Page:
The state of South Africa's news media: Where's the substance?
This weekend's coverage of fiery ANC Youth League leader Julius Malema missed his reasonable arguments, and focused instead on scoring political points.
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Gene Weingarten, a humor columnist with The Washington Post, blames personal branding for “ruining journalism.” He states that “Newspapers used to give readers what we thought they needed. Now, in desperation, we give readers what we think they want” in an effort to compete with user-generated content. In South Africa’s case, user-generated content is often extremely biased columns and blogs representing popular beliefs rather than the less glamourous, fairer truth. It was therefore very refreshing when the better responses to the Malema speech would come from columnists (Ivo Vegter’s was my favorite one), opinion writers, and not those in charge with reporting the news. Yet there are those in the news industry who justify this tilt towards opinionated news. In his response to Mr. Weingarten trying to justify this trend, Paul Carr of TechCrunch highlights my very concern, saying “In a world in which news has been commoditised to the point where no-one will pay for raw facts, it’s the self-branders – those who inject personality, attitude and (dare I say?) opinion into their reporting – who will keep readers flooding through the paywalls, ensuring the survival of the industry we both love."Skip to next paragraph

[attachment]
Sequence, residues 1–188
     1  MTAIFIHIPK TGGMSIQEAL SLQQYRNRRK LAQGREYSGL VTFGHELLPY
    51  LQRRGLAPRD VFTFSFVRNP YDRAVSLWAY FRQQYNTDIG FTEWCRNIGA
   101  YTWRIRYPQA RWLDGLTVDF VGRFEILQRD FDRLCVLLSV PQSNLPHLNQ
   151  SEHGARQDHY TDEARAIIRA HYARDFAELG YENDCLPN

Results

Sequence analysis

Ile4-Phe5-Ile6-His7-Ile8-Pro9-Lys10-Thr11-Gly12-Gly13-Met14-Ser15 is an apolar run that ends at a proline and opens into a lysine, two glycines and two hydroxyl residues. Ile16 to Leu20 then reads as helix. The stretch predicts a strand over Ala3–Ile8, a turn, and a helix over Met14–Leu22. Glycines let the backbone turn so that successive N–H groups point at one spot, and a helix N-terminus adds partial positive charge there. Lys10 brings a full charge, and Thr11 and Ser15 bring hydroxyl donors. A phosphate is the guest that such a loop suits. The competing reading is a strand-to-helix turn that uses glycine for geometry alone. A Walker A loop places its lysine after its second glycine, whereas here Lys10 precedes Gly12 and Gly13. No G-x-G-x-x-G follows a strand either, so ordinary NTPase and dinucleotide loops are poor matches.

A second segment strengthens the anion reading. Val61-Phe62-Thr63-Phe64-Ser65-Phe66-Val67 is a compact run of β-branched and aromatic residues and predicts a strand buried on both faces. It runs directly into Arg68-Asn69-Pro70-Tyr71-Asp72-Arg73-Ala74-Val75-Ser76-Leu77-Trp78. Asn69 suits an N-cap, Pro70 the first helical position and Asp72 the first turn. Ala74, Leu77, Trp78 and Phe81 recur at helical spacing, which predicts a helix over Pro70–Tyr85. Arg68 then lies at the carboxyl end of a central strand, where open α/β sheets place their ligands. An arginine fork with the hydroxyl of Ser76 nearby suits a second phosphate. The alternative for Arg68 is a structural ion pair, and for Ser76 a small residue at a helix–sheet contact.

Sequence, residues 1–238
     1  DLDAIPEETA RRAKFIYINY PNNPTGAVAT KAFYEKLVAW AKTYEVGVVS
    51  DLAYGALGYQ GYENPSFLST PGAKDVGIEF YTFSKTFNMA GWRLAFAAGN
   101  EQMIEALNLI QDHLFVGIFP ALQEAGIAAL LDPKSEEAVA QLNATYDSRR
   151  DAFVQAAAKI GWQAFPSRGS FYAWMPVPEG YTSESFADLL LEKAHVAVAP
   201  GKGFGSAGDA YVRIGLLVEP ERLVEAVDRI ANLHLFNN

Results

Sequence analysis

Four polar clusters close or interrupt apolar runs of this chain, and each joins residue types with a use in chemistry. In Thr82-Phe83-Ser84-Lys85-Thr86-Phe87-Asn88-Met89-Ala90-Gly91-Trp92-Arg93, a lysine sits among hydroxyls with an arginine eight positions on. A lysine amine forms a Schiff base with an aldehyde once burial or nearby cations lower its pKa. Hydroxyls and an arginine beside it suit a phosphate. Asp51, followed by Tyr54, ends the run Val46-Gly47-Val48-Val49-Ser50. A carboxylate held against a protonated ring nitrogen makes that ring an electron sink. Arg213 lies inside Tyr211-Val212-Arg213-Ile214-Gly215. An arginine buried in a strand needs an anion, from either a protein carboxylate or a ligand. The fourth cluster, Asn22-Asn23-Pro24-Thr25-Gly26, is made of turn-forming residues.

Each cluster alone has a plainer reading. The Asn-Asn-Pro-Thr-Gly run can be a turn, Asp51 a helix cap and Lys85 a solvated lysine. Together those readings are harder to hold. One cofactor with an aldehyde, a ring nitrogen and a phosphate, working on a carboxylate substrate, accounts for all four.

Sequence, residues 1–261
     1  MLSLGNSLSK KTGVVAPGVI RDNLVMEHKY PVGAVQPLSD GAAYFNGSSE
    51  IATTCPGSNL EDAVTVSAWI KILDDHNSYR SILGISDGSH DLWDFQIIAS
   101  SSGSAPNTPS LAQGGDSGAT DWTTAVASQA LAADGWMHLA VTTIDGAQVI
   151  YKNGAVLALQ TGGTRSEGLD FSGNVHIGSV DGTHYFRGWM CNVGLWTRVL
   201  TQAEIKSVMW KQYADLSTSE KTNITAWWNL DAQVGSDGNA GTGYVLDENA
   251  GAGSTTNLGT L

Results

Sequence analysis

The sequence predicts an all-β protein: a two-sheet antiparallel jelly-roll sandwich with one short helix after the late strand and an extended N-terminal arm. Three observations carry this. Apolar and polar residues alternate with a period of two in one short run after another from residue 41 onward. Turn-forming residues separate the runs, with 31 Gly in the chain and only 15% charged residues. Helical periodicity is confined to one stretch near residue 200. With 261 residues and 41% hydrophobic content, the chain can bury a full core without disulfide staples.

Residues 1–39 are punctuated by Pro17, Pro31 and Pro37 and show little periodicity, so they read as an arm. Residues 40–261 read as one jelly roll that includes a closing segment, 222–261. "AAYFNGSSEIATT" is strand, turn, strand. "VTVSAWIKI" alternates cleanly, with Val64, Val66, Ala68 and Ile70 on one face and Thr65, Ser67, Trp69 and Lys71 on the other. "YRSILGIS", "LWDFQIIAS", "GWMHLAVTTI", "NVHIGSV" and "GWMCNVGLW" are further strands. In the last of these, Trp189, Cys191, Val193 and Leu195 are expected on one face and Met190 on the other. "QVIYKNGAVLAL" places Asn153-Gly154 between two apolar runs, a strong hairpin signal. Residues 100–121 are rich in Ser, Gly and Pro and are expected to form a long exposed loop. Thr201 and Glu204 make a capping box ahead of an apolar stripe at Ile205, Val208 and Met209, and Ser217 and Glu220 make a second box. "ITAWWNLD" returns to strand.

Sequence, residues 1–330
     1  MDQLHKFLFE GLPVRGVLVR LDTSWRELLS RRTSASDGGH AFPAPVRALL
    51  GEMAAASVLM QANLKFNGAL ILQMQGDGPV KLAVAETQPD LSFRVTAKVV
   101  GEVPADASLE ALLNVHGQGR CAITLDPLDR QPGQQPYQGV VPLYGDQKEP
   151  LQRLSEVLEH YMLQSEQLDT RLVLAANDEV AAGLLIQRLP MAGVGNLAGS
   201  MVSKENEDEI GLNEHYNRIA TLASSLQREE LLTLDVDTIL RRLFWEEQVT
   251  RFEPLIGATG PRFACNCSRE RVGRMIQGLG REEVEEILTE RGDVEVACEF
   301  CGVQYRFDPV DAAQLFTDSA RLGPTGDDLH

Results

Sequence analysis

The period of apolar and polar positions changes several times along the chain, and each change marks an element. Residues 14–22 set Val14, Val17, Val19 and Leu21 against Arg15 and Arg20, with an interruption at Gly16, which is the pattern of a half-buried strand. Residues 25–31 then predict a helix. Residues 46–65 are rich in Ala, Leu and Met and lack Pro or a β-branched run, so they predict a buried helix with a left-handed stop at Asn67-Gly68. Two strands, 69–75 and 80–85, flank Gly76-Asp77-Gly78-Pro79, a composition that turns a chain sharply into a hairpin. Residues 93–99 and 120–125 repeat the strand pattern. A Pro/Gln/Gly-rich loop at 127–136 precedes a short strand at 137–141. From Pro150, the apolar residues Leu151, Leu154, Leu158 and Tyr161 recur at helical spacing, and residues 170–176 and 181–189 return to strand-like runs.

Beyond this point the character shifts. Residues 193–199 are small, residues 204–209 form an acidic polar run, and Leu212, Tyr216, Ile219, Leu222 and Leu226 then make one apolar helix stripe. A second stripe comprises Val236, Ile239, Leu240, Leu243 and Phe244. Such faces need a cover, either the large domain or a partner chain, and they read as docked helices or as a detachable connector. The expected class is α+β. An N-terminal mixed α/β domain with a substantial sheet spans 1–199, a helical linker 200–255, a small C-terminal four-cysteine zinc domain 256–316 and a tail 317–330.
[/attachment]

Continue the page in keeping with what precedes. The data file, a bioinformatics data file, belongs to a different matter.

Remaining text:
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One-sided opinions are a problem in South Africa, in a country where our realities are so different, these views are often represented as fact and can be detrimental to how a story is eventually represented. The social constructs of our country add an extra dimension to bias which is inevitably classist, and unfortunately racial. We cannot deny that leaning towards a political side, in our context, is also leaning towards a racial side. We don’t like to admit it; we rebel against those who point it out. In such a racially charged country, a one-sided media only serves more bricks in the walls that divide us. Our media makes it very clear: you are either for or against us, “our thinking”, “the side we lean on”. Yet our interpretation of events as people in South Africa is largely defined in our background, which is largely defined by color.
Yes, we do expect that journalists will lean towards a side, but what we don’t expect is for journalists to focus so much on their view of the world that they forget that there are other views to be considered. Always on the side of the underdogs, it’s expected that journalists will tend towards the views that are anti-government, and they shouldn’t be government’s propaganda brigade; but one can’t help but wonder when the same journalists are always on the opposition's side, barely reporting on the opposition's weaknesses and transgressions.
Is it too much to ask for a media that reports on facts rather than blatant favoritism towards a particular political side? Journalists are human beings, with faults, prejudices, and preferences. I just don’t believe that one should be able to read an article and be able to guess with accuracy which side the writer would vote. They should be on the side of the story, before any particular side.
--- Zama Ndlovu writes about South African news and social issues on her blog, Zama in Johannesburg.